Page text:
Heat (1986) Kino Lorber Blu-ray Review



Heat makes good use of its star with Burt Reynolds at his best and Kino Lorber’s new Blu-ray edition of Heat looks and sounds quite solid in this high definition transfer.

Plot: A professional companion / bodyguard in Las Vegas bites off as much as he can chew when he does a dangerous favor for a friend.

Review: When we first see Nick Escalante (Burt Reynolds) our impression of him isn’t what we think it should be at first. He’s drunk in a bar off the Vegas strip, and he comes on too strong on a lonely lady who says she’s waiting on her fiancé. Nick doesn’t take no for an answer, and when the lady’s friend shows up eventually, the man can hardly measure up to Nick’s macho bravado and swagger. In fact, the man seems nebbish with his weakling haircut, suit and tie, and he can’t possibly be a threat to Nick, but what transpires is very surprising: Nick gets his ass handed to him big time, which shocks not only the lady he was hitting on, but us too. How can this guy who looks like a movie star get clobbered by this thin non-assuming plebe? It’s all part of the show, folks. We find out later that Nick is a professional at this. He takes money from guys like that man in the bar to take a convincing fall in front of their impressionable fiancés to make them look good. Nick is so good at what he does that articles have been written about him in Solider of Fortune magazines, and he’s never out of work, just sitting around waiting for the phone to ring. He’s part private eye, part lonely heart, and all dreamer – he has posters of Italy on the sad walls of his office, and he hopes to one day save enough money to go there one day and retire, but he needs enough (at least 20K) to make it happen, and culling only two or three hundred bucks per gig, he’s got a long way to go. It doesn’t help that he lives in Vegas because he’s addicted to gambling too, so if he’s got the cash he tends to drop it at the tables.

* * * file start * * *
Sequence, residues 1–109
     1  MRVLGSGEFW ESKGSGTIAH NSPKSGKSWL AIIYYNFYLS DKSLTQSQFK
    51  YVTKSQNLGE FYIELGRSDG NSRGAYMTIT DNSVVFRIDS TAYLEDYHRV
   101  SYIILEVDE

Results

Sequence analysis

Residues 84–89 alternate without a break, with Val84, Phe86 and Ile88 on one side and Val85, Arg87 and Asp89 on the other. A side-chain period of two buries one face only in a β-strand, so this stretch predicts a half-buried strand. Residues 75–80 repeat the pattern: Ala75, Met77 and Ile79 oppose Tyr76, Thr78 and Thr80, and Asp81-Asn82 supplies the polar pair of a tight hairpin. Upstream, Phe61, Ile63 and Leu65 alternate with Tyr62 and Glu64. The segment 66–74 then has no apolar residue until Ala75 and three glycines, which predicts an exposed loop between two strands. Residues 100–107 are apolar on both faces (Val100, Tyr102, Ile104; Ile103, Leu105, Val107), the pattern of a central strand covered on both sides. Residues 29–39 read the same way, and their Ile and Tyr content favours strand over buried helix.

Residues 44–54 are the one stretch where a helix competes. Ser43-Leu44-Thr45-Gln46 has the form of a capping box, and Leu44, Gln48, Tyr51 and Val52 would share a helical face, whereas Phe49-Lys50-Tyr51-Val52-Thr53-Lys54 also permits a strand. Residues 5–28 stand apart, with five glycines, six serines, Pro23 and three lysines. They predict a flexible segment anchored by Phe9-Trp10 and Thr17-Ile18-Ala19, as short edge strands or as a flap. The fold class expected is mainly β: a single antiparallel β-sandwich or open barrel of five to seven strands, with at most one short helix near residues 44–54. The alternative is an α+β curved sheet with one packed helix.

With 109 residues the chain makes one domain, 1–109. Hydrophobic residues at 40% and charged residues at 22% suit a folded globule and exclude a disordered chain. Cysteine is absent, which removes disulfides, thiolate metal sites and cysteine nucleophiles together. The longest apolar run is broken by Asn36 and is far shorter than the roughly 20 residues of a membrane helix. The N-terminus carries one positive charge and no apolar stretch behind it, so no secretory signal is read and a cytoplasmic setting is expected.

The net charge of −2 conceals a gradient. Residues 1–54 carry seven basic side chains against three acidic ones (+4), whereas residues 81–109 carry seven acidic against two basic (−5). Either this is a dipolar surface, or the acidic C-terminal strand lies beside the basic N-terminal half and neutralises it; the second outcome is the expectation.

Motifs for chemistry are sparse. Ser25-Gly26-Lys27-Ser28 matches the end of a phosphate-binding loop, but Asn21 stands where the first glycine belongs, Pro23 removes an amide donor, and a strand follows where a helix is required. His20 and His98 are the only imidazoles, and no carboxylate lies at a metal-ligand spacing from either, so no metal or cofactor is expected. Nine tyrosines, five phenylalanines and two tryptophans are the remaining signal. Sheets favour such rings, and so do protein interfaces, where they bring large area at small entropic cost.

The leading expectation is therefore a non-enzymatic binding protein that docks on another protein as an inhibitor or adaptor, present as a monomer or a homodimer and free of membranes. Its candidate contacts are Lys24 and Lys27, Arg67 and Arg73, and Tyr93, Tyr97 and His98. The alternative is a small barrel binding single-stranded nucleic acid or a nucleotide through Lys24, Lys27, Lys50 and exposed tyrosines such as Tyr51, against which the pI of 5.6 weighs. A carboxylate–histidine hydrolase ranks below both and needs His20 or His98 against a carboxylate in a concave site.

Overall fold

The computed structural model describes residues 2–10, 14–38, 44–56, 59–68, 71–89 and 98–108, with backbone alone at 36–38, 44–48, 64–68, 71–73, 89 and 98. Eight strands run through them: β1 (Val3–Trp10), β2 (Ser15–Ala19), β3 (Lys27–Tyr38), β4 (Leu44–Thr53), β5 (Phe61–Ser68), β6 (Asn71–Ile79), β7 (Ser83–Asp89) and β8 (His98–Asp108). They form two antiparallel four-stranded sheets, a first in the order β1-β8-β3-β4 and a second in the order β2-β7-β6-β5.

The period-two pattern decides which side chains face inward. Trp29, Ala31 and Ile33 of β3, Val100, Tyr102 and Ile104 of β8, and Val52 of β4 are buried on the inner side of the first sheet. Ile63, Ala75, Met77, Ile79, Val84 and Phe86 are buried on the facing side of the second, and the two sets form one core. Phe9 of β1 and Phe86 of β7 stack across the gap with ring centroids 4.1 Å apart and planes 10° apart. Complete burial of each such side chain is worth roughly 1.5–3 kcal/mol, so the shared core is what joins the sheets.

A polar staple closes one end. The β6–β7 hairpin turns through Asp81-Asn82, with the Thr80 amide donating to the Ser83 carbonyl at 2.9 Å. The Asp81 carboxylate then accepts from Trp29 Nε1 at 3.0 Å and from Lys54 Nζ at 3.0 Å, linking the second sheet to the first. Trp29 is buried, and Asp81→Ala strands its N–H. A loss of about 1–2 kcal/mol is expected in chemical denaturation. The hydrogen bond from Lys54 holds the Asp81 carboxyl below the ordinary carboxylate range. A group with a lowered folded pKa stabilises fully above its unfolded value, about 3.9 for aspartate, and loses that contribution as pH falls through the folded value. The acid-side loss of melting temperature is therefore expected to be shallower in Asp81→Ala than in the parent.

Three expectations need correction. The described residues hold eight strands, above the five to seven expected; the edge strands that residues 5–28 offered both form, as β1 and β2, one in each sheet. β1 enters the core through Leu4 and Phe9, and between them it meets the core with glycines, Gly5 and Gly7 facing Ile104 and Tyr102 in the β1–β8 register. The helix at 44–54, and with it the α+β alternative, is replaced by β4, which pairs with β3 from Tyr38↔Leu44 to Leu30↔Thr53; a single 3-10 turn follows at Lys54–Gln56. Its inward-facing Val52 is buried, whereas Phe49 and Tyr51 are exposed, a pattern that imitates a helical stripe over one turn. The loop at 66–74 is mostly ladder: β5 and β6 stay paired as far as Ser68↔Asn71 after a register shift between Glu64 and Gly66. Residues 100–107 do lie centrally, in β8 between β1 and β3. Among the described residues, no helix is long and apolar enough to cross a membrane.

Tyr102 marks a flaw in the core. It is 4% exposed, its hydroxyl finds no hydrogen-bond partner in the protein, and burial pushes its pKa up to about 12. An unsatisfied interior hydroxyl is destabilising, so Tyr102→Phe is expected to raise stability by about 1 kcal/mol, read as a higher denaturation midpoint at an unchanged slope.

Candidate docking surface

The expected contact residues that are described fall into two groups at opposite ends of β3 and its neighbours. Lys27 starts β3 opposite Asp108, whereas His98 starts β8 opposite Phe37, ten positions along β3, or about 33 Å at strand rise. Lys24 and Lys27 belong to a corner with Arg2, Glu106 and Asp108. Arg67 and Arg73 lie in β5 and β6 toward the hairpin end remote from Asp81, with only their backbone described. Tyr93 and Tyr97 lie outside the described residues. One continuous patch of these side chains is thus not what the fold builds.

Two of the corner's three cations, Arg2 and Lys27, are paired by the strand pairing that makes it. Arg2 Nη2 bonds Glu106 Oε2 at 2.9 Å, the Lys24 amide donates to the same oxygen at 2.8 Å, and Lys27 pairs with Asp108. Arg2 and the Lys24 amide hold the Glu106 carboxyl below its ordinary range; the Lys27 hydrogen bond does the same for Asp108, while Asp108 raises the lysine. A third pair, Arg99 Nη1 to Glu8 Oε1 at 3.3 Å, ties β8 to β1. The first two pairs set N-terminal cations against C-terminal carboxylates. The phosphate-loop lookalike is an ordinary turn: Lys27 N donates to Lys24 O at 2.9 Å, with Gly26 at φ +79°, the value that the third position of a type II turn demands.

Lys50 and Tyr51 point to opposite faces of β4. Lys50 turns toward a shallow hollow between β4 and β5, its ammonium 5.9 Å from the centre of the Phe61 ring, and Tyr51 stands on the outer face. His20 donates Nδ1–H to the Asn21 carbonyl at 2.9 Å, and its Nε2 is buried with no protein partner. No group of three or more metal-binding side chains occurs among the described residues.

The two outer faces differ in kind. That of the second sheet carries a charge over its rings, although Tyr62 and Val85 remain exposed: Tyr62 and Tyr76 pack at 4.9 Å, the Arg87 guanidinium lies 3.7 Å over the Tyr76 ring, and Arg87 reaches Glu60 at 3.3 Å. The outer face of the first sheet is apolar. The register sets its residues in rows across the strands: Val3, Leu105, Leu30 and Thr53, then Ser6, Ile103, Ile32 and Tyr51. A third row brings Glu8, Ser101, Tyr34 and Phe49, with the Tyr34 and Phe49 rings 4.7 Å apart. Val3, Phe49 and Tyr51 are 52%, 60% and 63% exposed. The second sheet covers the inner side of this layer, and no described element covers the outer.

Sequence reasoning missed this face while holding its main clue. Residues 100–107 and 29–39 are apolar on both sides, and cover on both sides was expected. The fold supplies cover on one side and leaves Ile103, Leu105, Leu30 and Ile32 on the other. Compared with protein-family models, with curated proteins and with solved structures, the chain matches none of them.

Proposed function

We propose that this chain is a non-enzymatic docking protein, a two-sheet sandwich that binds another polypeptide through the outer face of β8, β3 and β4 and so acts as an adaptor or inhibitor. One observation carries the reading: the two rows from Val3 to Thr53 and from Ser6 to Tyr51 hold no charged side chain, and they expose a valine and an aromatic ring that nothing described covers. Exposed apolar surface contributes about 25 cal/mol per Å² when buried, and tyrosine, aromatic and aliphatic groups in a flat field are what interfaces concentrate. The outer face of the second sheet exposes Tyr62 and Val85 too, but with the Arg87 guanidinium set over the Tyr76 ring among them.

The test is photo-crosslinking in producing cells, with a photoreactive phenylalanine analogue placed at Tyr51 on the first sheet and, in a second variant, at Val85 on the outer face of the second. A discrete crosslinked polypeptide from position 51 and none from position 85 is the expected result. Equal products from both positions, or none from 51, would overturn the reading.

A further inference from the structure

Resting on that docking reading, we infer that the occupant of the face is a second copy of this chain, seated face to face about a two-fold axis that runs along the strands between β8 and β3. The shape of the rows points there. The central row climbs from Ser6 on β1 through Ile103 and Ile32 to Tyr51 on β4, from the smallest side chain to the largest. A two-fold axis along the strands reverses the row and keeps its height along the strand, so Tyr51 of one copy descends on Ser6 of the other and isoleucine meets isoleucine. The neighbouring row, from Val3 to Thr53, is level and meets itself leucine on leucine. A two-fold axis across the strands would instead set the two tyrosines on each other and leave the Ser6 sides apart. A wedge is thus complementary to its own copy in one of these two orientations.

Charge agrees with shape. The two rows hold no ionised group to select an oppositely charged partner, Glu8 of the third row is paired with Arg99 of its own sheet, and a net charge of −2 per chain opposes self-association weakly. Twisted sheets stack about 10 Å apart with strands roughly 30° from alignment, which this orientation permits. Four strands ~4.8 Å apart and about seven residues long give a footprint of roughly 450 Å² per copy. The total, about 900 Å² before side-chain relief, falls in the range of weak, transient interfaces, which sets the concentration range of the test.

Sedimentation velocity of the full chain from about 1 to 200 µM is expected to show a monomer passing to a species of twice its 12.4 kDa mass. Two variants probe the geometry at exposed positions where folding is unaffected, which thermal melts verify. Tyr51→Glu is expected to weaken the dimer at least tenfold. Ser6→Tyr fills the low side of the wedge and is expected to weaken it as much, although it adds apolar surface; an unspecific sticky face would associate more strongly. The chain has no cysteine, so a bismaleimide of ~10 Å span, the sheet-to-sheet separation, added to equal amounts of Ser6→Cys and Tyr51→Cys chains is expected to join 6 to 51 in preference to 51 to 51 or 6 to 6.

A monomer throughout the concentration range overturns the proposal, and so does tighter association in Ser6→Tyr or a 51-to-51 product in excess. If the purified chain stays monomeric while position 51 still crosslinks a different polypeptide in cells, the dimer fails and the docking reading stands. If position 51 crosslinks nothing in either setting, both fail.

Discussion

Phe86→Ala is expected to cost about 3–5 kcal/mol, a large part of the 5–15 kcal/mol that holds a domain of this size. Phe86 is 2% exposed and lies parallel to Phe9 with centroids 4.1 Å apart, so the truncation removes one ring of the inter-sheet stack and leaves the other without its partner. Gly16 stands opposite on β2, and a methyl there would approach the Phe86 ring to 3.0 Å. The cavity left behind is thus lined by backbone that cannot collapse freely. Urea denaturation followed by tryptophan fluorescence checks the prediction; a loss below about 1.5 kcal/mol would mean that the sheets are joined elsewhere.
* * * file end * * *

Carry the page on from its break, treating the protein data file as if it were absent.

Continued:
When one of his neighbors – a young escort named Holly (Karen Young) – is severely beaten up, raped, and left for dead by an upscale john – Nick begrudgingly agrees to help her find out who the guy was and perhaps go the extra mile for her and make sure the guy feels what it’s like to be helpless in front of her. He investigates. What he finds is that the man is the disgusting, vile son of a mafia kingpin, but that doesn’t stop him. He drops in on the prick and his two hulking bodyguards and casually and quite easily gets the better of them all, making sure Holly gets her moment, but what happens next is surprising: The guy he humiliated makes it seem like Nick murdered his bodyguards and stole 20K from him. The last part is true (technically, Holly stole it, but she gave it to him as a parting gift), but by the time the mob comes after him, he’s already blown the cash on the tables after almost scoring 100K in a great scene where he has a lucky streak at the blackjack tables, and so he’s got nothing to return to the mob. He also picks up a new client: the nebbish millionaire Cyrus (Peter MacNicol) who has read all the articles about Nick and wants to hire him to make him feel like a tough guy. These types of characters are Nick’s specialty, apparently, and while he’s giving Cyrus some valuable life lessons, the mob’s hitmen show up and force Nick to fight back.

Based on a book by William Goldman, Heat gave star Burt Reynolds a great vehicle to star in at the midway point in his career. He was still very much a major movie star at this point, and after the films Sharkey’s Machine and Stick, this film really gave him one of his best shots at a comeback in the 1980’s. He did Malone after this one, and all these films are excellent character studies and action flicks because they really gave Reynolds room to explore his persona and charisma. This one has some great flavor and ambiance, and when the film requires it, he gets very physical. Incidentally, some decades later Jason Statham starred in Wild Card, which was based on the same book. Both films are a perfect example of when good material marries the right star. Heat was directed by R.M. (Dick) Richards and Jerry Jameson. Filmmaker Richards was replaced by Jameson on the film after he and Reynolds got into a fistfight on the set, resulting in Richards suffering a broken jaw. He successfully sued Reynolds, but he never made another movie.

Kino Lorber’s new Blu-ray edition of Heat looks and sounds quite solid in this high definition transfer. There’s a new audio commentary by action specialist Mike Leeder and film historian Brandon Bentley, plus an alternate ending where one of the main characters survives his on-screen death in the theatrical version, plus the trailer.